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Freedom Politics

Free speech faces grave danger in Modi led India: Global writers’ body

CJP 01 Oct 2018

The 15-page report “India: Pursuing truth in the face of intolerance” contends that “future generations will likely look back at BJPs win in 2014 elections” as “the beginning of a drastically different era in independent India”.


Pen International
 
Pune: The Global writers’ body PEN International, released its annual “Freedom of Expression Report” at the end of its 84th Congress held in Pune between September 25 and 29.
 
It released a report “India: Pursuing truth in the face of intolerance” that outlines how dissenting voices, by journalists, writers, academics or students “face intimidation, harassment, prosecution, online abuse, and physical violence.”
 
The report brings together voices of writers, journalists, lawyers and academics, illustrating the varied ways in which critical voices are targeted and silenced.
 
It highlights “the use of overbroad laws; directed attacks online and offline; the systematic stifling of academic research and freedom; and the continued marginalisation of and hostility towards women’s voices.”
 
“Laws that stifle speech; an environment hostile to dissenting views; and emboldened critics online and in the real world have cast a chill over free expression in India. Journalists and writers have been sued, intimidated, threatened, and sometimes murdered. There is little political will to amend the laws that prevent free expression or to enforce laws that protect the writer,” said Salil Tripathi, Writers in Prison Committee Chair.
 
PEN International said in an official statement that it “calls on the Indian authorities to protect its writers, journalists and all others exercising their right to free expression” and to “bring its legislation in line with its obligations under international law”.
 
The writer's body has demanded that Sections 153B (assertions prejudicial to national integration), 295A (blasphemy), 499 (criminal defamation), 124A (sedition) and 505 (statements conducing public mischief) of the IPC that restrict the freedom of expression be repealed.
 
“While this gathering has been about the promotion of peace-building and celebrating the power of the written word, it is also about protecting free expression and remembering those of us who pay the ultimate price for exercising this fundamental right. Today we honour Gauri Lankesh, who was shot to death outside her home a year ago. Even though we welcome the progress that has been in the investigation, we’re still waiting for justice. Unless the cycle of impunity is broken, those who want to use violence to silence will be emboldened to do so,” said PEN International President Jennifer Clement.
 
Asked about the views and findings of the PEN as far as worsening of situations under the Modi regime is concerned, Clement unequivocally said there has been “a rising tide of violence, impunity, extended pre-trial detentions, impunity and surveillance”.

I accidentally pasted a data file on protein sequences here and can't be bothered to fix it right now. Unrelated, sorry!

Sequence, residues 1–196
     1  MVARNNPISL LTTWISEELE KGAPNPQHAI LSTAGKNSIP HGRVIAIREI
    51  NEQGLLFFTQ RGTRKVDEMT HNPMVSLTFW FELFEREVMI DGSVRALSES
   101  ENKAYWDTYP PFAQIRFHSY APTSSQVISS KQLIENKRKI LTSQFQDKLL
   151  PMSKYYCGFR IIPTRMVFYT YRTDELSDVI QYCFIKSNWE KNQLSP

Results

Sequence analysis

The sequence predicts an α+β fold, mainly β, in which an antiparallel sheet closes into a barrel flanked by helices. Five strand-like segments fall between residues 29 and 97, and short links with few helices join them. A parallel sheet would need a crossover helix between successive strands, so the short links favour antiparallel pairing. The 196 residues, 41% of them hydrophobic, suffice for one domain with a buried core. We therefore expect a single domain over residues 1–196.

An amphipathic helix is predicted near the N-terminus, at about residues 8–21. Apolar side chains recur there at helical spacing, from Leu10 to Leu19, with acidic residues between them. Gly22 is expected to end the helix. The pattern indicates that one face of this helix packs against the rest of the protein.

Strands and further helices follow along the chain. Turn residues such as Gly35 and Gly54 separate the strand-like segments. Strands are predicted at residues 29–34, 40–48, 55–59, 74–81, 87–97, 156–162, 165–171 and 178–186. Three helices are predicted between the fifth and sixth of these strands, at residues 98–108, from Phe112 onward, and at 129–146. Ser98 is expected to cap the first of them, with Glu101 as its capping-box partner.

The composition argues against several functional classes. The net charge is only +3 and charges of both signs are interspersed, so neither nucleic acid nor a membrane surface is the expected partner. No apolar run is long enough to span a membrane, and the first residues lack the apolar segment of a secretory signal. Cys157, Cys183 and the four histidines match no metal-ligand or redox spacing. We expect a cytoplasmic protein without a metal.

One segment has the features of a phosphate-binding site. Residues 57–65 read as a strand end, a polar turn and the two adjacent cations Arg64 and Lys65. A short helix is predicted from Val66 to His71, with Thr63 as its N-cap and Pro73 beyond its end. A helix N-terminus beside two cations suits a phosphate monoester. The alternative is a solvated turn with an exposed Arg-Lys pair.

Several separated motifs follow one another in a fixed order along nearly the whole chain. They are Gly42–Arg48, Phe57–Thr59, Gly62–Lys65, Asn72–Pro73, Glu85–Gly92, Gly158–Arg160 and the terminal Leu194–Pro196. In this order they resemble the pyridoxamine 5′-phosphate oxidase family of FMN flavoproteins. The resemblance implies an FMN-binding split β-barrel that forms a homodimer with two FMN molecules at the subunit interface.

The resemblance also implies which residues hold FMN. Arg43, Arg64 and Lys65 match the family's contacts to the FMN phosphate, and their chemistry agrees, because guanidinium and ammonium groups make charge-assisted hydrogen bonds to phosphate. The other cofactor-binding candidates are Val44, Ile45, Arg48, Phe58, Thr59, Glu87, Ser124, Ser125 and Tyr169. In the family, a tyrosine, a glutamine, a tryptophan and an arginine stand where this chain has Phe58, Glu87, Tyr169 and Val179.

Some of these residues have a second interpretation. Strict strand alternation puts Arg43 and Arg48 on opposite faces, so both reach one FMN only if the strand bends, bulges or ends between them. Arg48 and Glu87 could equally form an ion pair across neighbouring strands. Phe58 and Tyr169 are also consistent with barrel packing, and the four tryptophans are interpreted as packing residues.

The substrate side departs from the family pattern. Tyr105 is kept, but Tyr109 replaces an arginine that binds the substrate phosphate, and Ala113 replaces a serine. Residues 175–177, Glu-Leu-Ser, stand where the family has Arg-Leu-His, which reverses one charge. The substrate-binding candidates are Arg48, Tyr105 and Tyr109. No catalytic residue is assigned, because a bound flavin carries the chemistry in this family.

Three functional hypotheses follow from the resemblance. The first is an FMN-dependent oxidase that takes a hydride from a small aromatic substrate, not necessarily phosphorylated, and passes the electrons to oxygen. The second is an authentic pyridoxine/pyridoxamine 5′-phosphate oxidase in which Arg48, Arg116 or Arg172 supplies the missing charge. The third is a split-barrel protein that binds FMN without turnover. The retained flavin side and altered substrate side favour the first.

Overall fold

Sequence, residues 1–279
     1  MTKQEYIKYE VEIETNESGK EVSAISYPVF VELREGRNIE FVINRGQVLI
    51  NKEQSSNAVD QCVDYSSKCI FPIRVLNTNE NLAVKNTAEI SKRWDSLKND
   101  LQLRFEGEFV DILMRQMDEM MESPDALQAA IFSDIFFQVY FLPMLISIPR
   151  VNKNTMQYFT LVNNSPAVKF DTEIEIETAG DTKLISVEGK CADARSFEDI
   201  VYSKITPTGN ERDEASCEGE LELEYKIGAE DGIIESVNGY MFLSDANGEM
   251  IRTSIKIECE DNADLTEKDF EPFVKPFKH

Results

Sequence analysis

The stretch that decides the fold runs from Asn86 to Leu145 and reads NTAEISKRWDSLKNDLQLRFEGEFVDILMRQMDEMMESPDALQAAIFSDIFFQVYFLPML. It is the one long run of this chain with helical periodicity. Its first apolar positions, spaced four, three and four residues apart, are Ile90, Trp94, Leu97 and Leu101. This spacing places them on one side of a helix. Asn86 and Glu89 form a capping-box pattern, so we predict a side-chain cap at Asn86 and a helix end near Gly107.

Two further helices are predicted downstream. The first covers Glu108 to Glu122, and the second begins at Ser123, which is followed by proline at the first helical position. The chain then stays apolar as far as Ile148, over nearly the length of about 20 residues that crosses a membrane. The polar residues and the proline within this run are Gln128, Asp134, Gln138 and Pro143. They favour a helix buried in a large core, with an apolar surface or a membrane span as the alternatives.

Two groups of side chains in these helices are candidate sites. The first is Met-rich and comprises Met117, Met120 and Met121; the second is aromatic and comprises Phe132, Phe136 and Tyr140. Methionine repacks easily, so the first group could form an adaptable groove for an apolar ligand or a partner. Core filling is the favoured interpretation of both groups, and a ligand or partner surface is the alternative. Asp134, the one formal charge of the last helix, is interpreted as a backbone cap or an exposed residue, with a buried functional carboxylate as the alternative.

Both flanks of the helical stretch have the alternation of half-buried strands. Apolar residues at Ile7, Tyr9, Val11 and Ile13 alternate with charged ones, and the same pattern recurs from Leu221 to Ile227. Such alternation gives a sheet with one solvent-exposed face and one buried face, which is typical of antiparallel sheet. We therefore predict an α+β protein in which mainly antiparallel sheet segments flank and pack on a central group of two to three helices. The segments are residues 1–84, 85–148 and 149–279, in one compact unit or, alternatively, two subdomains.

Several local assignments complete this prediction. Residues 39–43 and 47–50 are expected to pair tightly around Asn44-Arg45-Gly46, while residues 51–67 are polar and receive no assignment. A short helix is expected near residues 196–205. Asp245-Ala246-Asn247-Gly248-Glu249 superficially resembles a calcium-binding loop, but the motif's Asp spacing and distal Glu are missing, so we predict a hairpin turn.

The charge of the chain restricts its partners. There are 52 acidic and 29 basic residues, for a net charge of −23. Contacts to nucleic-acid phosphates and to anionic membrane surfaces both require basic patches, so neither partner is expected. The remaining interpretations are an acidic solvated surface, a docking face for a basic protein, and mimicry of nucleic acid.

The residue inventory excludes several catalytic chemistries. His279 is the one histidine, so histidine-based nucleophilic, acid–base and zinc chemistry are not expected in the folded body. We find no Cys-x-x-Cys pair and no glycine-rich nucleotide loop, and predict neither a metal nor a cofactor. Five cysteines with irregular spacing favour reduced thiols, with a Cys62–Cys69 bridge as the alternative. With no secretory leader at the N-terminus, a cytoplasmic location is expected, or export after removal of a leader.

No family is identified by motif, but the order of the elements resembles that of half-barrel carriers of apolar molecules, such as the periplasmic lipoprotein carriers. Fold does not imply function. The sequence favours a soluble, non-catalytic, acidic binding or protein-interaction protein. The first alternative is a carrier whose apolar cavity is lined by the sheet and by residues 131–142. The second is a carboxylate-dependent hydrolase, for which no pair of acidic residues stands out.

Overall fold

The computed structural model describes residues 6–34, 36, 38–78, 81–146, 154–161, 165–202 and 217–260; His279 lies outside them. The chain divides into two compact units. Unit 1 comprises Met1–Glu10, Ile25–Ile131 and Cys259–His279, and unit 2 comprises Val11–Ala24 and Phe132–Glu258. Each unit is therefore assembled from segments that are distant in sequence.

“We have quite a few recommendations to the Indian government. To ensure the safety of journalists and make sure that there is no impunity against them, to ensure that they are not harmed, as has been seen in several high-profile cases, train the police, launch public information campaign to inform citizens of their legal rights in the face of online harassment and threats,” Clement told IANS over telephone from Pune.
 
She added that the PEN International felt “very strongly”, especially in a country like India, as “the differences are what unites people and not what divides them”.
 
“The government should be thinking about the things that bring people together and not tear them apart. I think what PEN is concerned about is that India has always been a country that one could uphold for being tolerant and being democratic. It used to be that India could be held as an example to the rest of the world. It’s very sad to see this turn. What would the future of such a democracy look like,” she asked.
 
The 15-page report “India: Pursuing truth in the face of intolerance” is highly critical of the Modi government and opens with a poster of the firebrand journalist-activist Gauri Lankesh.
 
The report contends that “future generations will likely look back at the Bharatiya Janata Party’s (BJP) win in 2014 elections” as “the beginning of a drastically different era in independent India”.
 
Notably, of the three new Vice Presidents, chosen for their “literary merit”, two are dissenting voices from India: Tamil writer Perumal Murugan, who was himself hounded by right-wing activists, and Nayantara Sahgal, who has been at the forefront of protests by writers and intellectuals against the Modi government.
 
In August, after several rights activists and lawyers were arrested, PEN Delhi had condemned the Pune police’s actions: “It is a dark day for India when crackdowns and arrests target those who fight for human rights, while murderers such as those who killed journalists, thinkers and writers, Govind Pansare, Narendra Dabholkar, MM Kalburgi and Gauri Lankesh are yet to be convicted.”

You can read the report here.